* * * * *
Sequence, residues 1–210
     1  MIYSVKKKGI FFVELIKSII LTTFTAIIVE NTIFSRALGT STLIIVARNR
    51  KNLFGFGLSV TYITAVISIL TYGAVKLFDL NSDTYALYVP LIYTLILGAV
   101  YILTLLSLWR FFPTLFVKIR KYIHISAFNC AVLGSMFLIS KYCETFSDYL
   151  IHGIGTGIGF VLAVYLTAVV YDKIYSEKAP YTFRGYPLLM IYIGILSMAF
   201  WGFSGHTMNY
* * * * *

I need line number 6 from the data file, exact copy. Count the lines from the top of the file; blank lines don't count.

   201  WGFSGHTMNY